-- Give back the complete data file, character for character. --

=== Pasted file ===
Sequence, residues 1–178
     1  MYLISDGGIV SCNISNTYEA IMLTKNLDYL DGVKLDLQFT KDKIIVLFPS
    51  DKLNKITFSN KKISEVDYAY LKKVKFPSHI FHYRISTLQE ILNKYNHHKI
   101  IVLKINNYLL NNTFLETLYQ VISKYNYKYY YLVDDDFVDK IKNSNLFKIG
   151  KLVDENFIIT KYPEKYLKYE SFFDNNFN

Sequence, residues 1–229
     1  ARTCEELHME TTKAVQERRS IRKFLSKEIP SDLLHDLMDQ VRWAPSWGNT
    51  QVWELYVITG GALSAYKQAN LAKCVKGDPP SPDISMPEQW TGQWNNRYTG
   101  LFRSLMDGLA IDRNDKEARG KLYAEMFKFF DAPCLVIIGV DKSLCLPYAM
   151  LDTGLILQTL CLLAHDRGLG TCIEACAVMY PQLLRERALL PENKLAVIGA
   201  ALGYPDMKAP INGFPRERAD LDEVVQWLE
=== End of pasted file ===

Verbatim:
Sequence, residues 1–178
     1  MYLISDGGIV SCNISNTYEA IMLTKNLDYL DGVKLDLQFT KDKIIVLFPS
    51  DKLNKITFSN KKISEVDYAY LKKVKFPSHI FHYRISTLQE ILNKYNHHKI
   101  IVLKINNYLL NNTFLETLYQ VISKYNYKYY YLVDDDFVDK IKNSNLFKIG
   151  KLVDENFIIT KYPEKYLKYE SFFDNNFN

Sequence, residues 1–229
     1  ARTCEELHME TTKAVQERRS IRKFLSKEIP SDLLHDLMDQ VRWAPSWGNT
    51  QVWELYVITG GALSAYKQAN LAKCVKGDPP SPDISMPEQW TGQWNNRYTG
   101  LFRSLMDGLA IDRNDKEARG KLYAEMFKFF DAPCLVIIGV DKSLCLPYAM
   151  LDTGLILQTL CLLAHDRGLG TCIEACAVMY PQLLRERALL PENKLAVIGA
   201  ALGYPDMKAP INGFPRERAD LDEVVQWLE